Let’s be real and recognize that many new trends typically do not pop up suddenly, but instead are due to multiple factors; evolve and develop. Consumer behavior, interests, and the economy truly influence our green world of gardening. Some trends were evident in the last several years, and some may prove to be a sign of what’s to come. Overall, some trends are no surprise, some are worth noting, and others could prompt action.
- Using wildlife-friendly plants – look for those species that attract hummingbirds, songbirds, and butterflies. Plants that are pollinators for bees and other insects are vital and in demand.
- House plants – the bringing “outdoors – indoors” continues. There is a trend towards up-sizing to larger plants with big, bold blooms and foliage. Forget the little potted plant on the windowsill and roll in the large Alocasia, Crotons, Ficus, and Dracaena. In some homes, these large specimen plants are considered a form of art or living sculpture – as their aesthetic value is significant to a room.
- Return to mother earth – getting dirty. Many of us delight in the rich, primordial experience of sinking one’s hands into the garden soil. But did we know the health benefits? Garden publications are buzzing with recent findings from the Royal Horticulture Society, with research indicating that a naturally occurring soil bacteria can be beneficial to our immune system. Great news – who’s up for a mud-wrestling match?
- Fresh color trends coming our way – it’s truly fascinating where the new favored colors originate. Are the fashion shows and runways in Paris a source? The colors touted in wedding and bridal shows certainly have merit for annual color selection as well. Regardless of the origin, the color we found acclaimed as topping the lists for 2020 is “Mint”, (or better refined as Neo-mint green). The floral industry will waste no time complimenting with appropriate foliage for bridal and formal events. Greenhouse growers should note that Pantone announced their Color of the Year is Classic Blue. That should boost sales of Delphiniums, Hydrangea, Blue Anemone, Limonium, Scabiosa, and the other great plants known for bloomin’ blue.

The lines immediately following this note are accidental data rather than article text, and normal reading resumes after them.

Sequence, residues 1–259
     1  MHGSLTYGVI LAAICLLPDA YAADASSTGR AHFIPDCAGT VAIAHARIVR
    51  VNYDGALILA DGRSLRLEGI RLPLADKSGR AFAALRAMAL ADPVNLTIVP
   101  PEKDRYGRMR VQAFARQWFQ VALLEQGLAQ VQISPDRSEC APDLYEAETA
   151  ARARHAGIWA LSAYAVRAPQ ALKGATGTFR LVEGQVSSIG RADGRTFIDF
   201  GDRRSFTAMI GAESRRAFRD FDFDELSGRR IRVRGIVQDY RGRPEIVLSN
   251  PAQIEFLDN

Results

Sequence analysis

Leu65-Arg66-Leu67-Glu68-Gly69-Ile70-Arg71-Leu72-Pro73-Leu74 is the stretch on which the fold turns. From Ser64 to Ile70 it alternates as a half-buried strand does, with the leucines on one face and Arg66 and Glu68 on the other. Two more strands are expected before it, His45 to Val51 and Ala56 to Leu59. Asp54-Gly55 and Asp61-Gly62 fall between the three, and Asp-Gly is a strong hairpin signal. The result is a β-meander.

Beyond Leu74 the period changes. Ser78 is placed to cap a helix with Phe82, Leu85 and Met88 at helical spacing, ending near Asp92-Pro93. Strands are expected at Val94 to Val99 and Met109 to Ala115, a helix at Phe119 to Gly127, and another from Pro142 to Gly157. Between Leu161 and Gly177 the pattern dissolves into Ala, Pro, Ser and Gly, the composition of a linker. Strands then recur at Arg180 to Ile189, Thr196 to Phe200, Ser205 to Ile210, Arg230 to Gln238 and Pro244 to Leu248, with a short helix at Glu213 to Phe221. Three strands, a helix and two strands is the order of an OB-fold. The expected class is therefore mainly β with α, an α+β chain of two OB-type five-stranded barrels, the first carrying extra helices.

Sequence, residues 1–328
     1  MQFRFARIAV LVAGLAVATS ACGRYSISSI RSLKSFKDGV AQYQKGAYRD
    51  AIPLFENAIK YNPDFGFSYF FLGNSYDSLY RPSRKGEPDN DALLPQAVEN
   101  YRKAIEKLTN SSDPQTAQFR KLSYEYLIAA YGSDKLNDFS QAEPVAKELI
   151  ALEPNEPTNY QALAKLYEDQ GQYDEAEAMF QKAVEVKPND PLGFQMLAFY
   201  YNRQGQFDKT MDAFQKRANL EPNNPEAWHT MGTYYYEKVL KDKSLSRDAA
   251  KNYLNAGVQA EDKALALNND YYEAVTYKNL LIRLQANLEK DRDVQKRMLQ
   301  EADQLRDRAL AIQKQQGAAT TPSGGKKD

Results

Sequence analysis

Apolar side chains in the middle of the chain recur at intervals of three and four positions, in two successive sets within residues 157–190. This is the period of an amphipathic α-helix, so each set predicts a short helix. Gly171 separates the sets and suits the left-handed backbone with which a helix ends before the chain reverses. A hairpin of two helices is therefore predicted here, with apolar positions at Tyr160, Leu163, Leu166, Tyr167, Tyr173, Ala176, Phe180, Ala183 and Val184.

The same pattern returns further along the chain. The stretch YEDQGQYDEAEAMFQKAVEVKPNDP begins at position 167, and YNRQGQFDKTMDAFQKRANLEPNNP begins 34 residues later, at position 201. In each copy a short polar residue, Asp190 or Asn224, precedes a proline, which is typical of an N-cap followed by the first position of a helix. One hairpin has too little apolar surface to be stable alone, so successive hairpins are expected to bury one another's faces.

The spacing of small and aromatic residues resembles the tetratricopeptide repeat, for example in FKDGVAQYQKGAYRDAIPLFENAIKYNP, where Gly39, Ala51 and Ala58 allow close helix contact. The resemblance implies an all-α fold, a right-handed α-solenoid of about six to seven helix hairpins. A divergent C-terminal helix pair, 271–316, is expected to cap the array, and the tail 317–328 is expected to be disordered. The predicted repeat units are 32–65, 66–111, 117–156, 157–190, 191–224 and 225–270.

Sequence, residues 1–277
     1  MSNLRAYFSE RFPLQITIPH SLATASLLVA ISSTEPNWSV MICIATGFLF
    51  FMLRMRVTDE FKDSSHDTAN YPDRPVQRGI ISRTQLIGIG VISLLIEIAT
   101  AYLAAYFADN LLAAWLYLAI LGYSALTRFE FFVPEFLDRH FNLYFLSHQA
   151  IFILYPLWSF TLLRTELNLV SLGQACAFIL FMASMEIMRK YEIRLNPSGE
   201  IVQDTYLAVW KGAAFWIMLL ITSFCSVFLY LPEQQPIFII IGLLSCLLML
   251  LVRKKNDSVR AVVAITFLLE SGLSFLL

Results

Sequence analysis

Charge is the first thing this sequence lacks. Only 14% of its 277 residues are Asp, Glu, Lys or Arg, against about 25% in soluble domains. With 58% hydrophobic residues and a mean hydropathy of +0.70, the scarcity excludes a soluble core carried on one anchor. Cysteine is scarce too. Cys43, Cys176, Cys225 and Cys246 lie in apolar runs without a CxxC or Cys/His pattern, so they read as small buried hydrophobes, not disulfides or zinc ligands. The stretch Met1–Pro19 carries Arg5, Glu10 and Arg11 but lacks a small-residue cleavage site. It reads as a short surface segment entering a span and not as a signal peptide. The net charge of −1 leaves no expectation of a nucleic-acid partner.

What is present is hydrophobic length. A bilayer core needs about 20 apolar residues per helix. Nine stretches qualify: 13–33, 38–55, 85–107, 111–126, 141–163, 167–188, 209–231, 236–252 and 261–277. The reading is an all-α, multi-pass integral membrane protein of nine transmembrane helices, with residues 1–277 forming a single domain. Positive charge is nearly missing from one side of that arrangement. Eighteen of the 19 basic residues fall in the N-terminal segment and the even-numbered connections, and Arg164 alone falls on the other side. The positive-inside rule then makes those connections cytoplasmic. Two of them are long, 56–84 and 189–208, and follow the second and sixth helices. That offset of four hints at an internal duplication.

- Online plant sales – bound to increase; this may be good for some, but detrimental for others. For many, “shopping” is evolving, being redefined as sitting indoors and clicking on the desired item. Granted, some businesses have made this work, but for the garden centers who depend on the in-store visits, the on-line plant purchases can be damaging. Current economic reports show revenue continues to rise for the nursery and garden center industry, while the number of businesses is dropping. Survival for the smaller garden centers may result from their demonstrating what the on-line shopper doesn’t have. Though more are shopping online, their front-line, face-to-face with the consumer, and helping answer questions about gardening needs, could be what keeps their business afloat. The experience of walking through aisles with rainbows of color abound and the fragrances drifting from a multitude of flowers is incomparable. Chat with an expert who hands you a Lavender plant. Gently stroking the foliage, she invites you to lean in close to smell it. She breathes in and says,” Heavenly, isn’t it?” Try to get that experience shopping on the internet – you can’t.
-Rob McCartney, Horticulturist
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